Did you watch the ‘snore-fest,’ I mean Superbowl last night? In looking back, I think I wasted about 4 hours of my time. Congrats go out to the Seahawks, who did play up to the challenge, especially their defense who forced 4 turnovers and made big scores. I saw a lot of negative posts on Facebook, mainly directed towards Peyton Manning and the lack of success in the game. Now, one thing I know for sure is that the quarterback is key on the team but he can’t win alone. His offensive line did not protect enough – at least two of his interceptions were due to his arm being hit by a defense man from Seattle; and the defensive line barely showed up. Add to that some very lack-luster commercials and a good, but not stellar, half-time show and it made for a rather boring time (unless you happen to be a Seahawks fan).
In reflecting today, a lot is being written about the domination of the game but not so much about Peyton Manning and his loss. I think he is so loved and respected by millions that it is easy to ‘forgive.’ I’m sure today he is reviewing footage and wishing he could have some ‘do-over’s’ that could have lead to a more positive outcome. How many of you have been in this situation? Maybe you had a big presentation at work that didn’t go as planned, or you had an interview for a job or promotion and you got nervous and tanked it, or you had a meeting set up with a potential new client and you weren’t able to close the deal. I think we all can relate – ‘stuff’ happens that we often can’t predict or control; but what happens after is.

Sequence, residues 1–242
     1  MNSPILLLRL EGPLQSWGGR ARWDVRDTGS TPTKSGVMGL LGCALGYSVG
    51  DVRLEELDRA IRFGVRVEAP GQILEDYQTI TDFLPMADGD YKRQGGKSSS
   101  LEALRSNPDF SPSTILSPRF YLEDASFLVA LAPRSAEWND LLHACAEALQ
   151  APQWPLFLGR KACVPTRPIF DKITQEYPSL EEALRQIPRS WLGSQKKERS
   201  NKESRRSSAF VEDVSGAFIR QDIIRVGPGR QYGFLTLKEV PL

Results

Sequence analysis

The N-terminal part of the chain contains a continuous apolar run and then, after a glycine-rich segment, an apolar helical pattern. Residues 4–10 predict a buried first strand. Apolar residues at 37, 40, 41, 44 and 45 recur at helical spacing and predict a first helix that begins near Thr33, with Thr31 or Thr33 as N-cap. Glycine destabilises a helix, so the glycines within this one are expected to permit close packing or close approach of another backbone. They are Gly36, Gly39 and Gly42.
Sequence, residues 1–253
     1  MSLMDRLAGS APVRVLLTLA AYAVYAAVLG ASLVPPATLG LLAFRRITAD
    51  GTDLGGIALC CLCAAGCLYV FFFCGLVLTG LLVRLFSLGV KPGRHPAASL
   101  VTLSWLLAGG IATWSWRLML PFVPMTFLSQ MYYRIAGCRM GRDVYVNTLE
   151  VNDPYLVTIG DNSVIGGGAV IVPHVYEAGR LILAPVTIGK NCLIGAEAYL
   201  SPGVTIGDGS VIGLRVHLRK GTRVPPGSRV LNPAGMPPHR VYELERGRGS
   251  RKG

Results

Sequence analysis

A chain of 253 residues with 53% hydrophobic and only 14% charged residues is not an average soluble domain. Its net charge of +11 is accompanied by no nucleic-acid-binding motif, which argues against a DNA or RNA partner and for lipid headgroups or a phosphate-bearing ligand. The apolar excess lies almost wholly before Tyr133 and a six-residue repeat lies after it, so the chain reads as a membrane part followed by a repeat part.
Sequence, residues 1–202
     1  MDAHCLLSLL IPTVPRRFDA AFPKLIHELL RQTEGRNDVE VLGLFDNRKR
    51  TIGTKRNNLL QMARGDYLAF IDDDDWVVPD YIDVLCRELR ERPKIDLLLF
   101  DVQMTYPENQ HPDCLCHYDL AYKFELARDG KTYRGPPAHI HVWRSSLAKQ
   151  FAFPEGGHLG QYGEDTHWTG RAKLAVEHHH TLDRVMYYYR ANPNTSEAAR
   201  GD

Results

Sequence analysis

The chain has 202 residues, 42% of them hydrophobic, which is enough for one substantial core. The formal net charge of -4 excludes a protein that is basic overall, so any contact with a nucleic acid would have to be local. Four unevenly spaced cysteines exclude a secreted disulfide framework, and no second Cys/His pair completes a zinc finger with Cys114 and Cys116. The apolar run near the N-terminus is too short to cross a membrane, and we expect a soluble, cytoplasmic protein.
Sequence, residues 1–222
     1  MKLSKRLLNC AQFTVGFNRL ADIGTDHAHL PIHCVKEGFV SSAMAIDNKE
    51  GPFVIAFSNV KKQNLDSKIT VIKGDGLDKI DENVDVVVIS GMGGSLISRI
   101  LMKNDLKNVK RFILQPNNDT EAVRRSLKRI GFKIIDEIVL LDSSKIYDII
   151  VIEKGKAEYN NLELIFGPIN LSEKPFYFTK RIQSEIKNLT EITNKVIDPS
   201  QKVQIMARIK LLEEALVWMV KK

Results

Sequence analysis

So, if I were to imagine what is going on today in the Bronco’s facility, or if I could provide some coachable moments – and how you can deal when something hasn’t gone well:
- Dealing with a variety of emotions as each player moves from sadness, to anger, to disbelief, and back again in trying to reconcile what has happened – they can either wallow in the loss or choose to create a more positive future
- Taking ownership for their part in either not being mentally or physically prepared, to allowing nerves to get in the way, to not playing to their best, to admitting loss/defeat – this is the fastest way to get to acceptance
- Planning for the future as each player will face on off-season as well as the new season; how will they spend their time in recognizing and learning from their ‘mistakes’ and to hone their craft through practice and repetition to play better and stronger
- Coming together as a team, no matter what; Peyton Manning did not lose the game alone, nor did any other player on his team, so coming together in support and unison to continue and carry on will lesson the ‘sting’ of the game outcome.
If you have ever messed up an important situation, it is best to own it, learn from it and move on. I suspect this is what Peyton will do, although we don’t have to live with the press; but, as people are more forgiving than we care to believe, this loss will fade just as your personal or work error will. You don’t want to be remembered for how you handled the loss but for how you handled it after.